Can one ever have too much of a good thing? Having spent a good part of the day in Beijing’s Botanical Gardens, Xuefei suggests we should ask her friend Songkai if he would mind showing us around the gardens of The Institute of Botany of the Chinese Academy of Sciences – just across the road from the Botanical Gardens.
The IOB has over 500 staff members, about 80 percent of whom are scientific researchers. Songkai is one of these researchers and, it turns out, he is more than happy to show us around.
He meets us at the Botanic Gardens exit and steers us across the road to the Academy entrance.
The Institute of Botany started life as the Fan Memorial Institute of Botany and the Botanical Institute of Beiping Academy of Sciences, set up in 1928 and 1929 respectively. The two institutions were then merged into the Institute of Plant Taxonomy in 1950 and given its present name in 1953.
The IOB is mainly engaged in research into the eco-environment, modern agriculture, sustainable utilization of plant resources and the systematic evolution of national strategic needs. It has eight Research Centres, 10 field stations and a number of laboratories.
Perhaps it’s most famous for its herbarium – one of the oldest in China and the largest in Asia which goes back over 80 years to the original herbarium of the Fan Memorial Institute in 1928.
We walk round the main buildings and into a wooded area – so different from the manicured gardens we have just vacated across the road.
We walk past a sign depicting a map of the Academy grounds. Apparently if you enter from the direction we came from, no one stops you as it is assumed you have business in the Academy.
But should you care to enter the grounds from the other end, you are charged the princely sum of 10 kwai as you are obviously just a rubberknecker. Many people get totally confused, pay their entrance fee to get in and only then discover they really should have crossed the road first to get into the real Botanic Gardens which is what they came for in the first place!
Some visitors, however, are oblivious to such niceties and prefer to snooze away the afternoons…
The Academy has developed into a national centre for Chinese plant collections and is the largest research centre for plant taxonomy in Asia. It contains more than 2.6 million specimens, ranging from fossils to seeds, mosses, ferns, and seed plants, with more than 17,000 type specimens involving more than 6,000 taxonomic names.
But unlike the pristine conservatory across the road in the Botanic Gardens, the greenhouses here are quite definitely showing their age.
But one has to remember that these are fully working research houses, rather than a display for visitors.
In one of the glass houses there are even bananas growing high above our heads
And though the facilities are not designed with visitors in mind, there are still plenty of explanatory signs dotted around the place.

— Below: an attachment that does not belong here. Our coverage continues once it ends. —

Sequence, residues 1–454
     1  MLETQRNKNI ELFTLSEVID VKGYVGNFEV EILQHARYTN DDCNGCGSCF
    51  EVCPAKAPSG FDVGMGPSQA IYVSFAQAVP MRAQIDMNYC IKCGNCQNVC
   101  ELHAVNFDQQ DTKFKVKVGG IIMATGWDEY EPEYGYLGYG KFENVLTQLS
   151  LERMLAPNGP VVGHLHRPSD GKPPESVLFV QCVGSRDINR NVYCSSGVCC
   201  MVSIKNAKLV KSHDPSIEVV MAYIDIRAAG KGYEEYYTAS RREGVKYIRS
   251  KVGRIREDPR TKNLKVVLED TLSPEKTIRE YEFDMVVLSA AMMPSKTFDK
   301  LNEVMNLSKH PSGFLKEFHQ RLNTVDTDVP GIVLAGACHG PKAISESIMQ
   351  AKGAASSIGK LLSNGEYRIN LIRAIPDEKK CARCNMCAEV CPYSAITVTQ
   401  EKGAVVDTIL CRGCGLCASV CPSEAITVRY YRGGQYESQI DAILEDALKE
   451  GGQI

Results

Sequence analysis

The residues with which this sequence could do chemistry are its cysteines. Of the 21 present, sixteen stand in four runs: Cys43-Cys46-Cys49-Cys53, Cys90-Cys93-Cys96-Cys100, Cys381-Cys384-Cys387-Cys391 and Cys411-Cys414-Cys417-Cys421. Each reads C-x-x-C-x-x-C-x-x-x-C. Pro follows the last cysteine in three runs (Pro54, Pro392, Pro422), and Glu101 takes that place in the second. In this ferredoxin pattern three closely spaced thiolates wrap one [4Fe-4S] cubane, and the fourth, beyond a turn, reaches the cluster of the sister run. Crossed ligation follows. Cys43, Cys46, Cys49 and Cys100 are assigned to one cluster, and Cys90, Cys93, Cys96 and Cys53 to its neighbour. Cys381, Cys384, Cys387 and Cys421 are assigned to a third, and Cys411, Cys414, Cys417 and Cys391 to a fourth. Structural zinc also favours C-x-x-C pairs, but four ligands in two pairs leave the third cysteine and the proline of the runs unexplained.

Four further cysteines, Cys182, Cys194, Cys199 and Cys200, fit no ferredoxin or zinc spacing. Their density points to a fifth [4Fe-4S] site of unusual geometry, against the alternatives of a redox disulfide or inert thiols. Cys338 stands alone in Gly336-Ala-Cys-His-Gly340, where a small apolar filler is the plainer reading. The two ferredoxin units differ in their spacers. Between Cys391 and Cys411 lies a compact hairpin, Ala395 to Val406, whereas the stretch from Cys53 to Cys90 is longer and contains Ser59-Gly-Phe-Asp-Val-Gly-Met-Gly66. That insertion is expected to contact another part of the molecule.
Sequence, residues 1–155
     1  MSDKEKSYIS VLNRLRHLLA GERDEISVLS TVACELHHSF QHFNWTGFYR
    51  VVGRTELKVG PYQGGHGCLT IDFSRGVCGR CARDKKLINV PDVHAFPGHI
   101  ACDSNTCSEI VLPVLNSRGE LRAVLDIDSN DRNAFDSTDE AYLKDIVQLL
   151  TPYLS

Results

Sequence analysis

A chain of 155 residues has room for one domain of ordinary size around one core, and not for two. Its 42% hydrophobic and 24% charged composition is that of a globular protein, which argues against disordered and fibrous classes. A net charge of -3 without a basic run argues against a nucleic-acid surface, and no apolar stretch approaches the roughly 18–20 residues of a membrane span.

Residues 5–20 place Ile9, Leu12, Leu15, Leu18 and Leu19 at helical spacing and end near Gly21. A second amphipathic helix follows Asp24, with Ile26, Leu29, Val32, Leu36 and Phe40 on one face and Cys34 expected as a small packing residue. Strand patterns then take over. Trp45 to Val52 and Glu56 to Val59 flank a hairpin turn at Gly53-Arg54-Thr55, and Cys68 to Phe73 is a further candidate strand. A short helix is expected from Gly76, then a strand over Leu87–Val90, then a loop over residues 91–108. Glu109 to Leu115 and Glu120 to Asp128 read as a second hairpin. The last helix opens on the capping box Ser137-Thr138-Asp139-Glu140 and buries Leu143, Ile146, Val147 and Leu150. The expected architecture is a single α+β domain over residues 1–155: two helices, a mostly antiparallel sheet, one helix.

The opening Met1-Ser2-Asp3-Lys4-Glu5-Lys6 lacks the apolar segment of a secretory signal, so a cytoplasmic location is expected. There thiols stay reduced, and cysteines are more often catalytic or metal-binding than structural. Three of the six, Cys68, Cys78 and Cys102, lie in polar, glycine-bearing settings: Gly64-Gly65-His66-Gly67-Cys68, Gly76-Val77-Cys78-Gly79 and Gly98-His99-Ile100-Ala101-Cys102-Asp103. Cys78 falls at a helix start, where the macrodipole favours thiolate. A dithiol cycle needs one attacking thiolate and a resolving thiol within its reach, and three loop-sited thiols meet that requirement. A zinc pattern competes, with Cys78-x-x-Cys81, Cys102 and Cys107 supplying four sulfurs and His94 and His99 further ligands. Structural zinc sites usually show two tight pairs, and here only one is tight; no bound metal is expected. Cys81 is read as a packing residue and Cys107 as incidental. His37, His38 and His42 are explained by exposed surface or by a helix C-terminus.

My favourite area is the collection of cacti, especially the round “furry” ball types…
And on another cacti succulent, people have carved graffiti onto the leaves over the years
Songkai also shows us a Ficus religiosa specimen, presented to China by India. This was grown from a cutting taken from the "botree", the tree under which Buddha is said to have sat when he attained enlightenment after meditating for three days and nights.
In this motley collection, there are also numerous bonsai trees
as well as this gorgeous furry-fluffy-plant whose name escapes me (anyone able to tell me?).
But it is the outside gardens that are the most captivating within the grounds of the Academy. It was here that China’s last emperor – Puyi – worked when he became a commoner … not in the Botanic Gardens across the road that many people mistakenly believe. Apparently he was very much into tending the orchids here.
Throughout the gardens there are little paths that lead you down unexpected avenues of trees, or plants, or beside pools…
In fact there are five pools in the gardens, though this one is by far the prettiest and most interesting.
Those plants in the middle are Victoria Regia water lilies – named after Britain’s Queen Victoria – and originally a native of the shallow waters of the Amazon River basin. Some specimens have been known to be as large as three metres in diameter, though they are more normally found in cultivation up to around 40 cm. Their flowers are white the first night they are open and become pink after the second night.
Further along from this pond is an experimental vine garden into which visitors are not admitted.
But tragedy strikes. Within the grounds is a museum which I have never seen listed on the web. My blog fans know that I’m very much in to going round Beijing’s museums.
Here is a museum that is devoted to displaying pressed wild flowers. Oh wow. I want… I want… But Songkai informs us that only researchers at the institute are allowed inside.
OMG – so near and yet so far! What a way to end our visit – knowing that I am to be denied setting eyes on such a collection. A new challenge has been thrown in the direction of your favourite blogger. Watch this space!